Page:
I have been taking some leave over the past three weeks and spending time in Hungary, Austria and the Czech Republic. It is great to have been able to spend time in this part of the world that has given to western culture so much that is important – especially music.
But it is also good to be able to step aside from the swirl of New Zealand, small, geographically remote and insular in the ways that islands are. It has been a bit of a surprise to arrive back in the midst of what must surely be the most bizarre sporting event we have seen in a long time and to see the extravagant claims being made for its importance.
Although wireless internet access is everywhere in the countries visited so while access is easy there are many ways in which you do lose touch with some of the issues. This is not a bad thing. But I am aware of several issues that have arisen.
The first is an intention expressed by Minister Hekia Parata to look seriously at the whole business of decile ratings and to consider the usefulness going forward. I have long felt that decile ratings have past their use-by date. Well intentioned, welcomed when introduced, they have quite simply failed to deliver the intended impacts and have instead developed a range of unintended impacts.
I understand that about 4% of school funding is actually related to decile rating and yet the expectation was that by having a multi-factor means of determining the relative load of socio-economic circumstance carried by different schools would enable funding to reflect need more equitably. It hasn’t done this for a couple of reasons. First, there are needs among students with “low decile profiles” who are hidden in middle and higher decile schools that are not met and, secondly, the needs of schools with “low decile” profiles do not increase on a flat line basis but rather exponentially.
The failure of the school decile rating system is in large measure due to the formulaic manner in which funding is delivered to schools. Until schools receive cashed up funding based on the entitlement of individual students which they are then accountable for meeting, the inequities embedded in the current funding model will continue.
But there is a danger. If the changes when they do happen result in a shift of what funding does finds its way into “low decile” schools, the issue will be exacerbated. The recent high levels of accessing NZQA special assistance for students in a high decile independent boys schools is a recent incidence of this. A more historic example was the removal in the 1970s of the additional staffing allowance for Maori students on the basis that schools would be better off. Yes, all schools got a little more but schools with significant numbers of Maori students were relatively worse off.
The second issue was one I was pleased to be about as far away from it as it is possible to get.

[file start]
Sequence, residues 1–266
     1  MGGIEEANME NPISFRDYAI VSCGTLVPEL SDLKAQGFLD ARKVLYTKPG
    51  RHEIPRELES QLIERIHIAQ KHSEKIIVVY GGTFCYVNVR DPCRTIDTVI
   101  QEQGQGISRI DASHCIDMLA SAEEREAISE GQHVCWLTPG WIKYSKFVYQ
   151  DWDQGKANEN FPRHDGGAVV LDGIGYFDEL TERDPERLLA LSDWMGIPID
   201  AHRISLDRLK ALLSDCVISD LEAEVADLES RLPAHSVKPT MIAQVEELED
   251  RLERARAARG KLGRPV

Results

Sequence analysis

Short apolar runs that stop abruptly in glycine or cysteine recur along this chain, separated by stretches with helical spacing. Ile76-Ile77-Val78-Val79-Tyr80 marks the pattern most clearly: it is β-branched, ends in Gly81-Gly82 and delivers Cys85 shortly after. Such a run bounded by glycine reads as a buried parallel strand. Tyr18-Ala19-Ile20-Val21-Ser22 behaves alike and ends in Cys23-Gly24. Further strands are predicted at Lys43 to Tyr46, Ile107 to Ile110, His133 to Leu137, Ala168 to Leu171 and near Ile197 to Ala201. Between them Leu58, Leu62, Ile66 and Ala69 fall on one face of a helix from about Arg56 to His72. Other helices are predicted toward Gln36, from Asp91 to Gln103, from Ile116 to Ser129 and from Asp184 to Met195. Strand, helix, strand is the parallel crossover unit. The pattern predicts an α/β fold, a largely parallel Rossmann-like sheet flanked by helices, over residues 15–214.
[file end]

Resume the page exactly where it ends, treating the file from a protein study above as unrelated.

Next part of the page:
The announcement of the successful parties for the partnership schools produced, it seems, the anticipated range of tired old arguments against the development based on prejudice, ignorance of the situation in other countries and the fear of innovation. But what was notable when catching up on some reading was the much clearer rejection of such opposition to partnerships schools by opinion from outside education. It looks as if the default-oppose-stance that characterises so much reaction to new ideas has been seen through for what it really is – patch protection and continued denial that the current system is not meeting the needs of all young people. The reaction of many seems to be along the lines of “let’s see whether this different way of working will increase success for more students.” This is the fundamental basis on which the development has been promoted.
The item that I had missed – understand that New Zealand does not rate a mention in the media in Eastern Europe, not even rugby or the America’s Cup.
Early in September Minister Stephen Joyce made a thoughtful contribution to the discussion of tertiary education (more on this on Thursday). What leapt out for me was the announcement that Youth Guarantee would be extended to 19 year olds, up one year from the current limit of 18 years. This is the completion of the move to a more equitable situation where students, having reached the age of 16 years that signals the end of compulsory schooling, are able to access the resources that are theirs to continue their education for a further three years. This is an entitlement that students already had provided they remained in a school setting regardless of their panned intentions, levels of success or even interest. In such a situation, worldwide, too many students vote with their feet.
It is exciting to return from a period away and get back into the flow of things.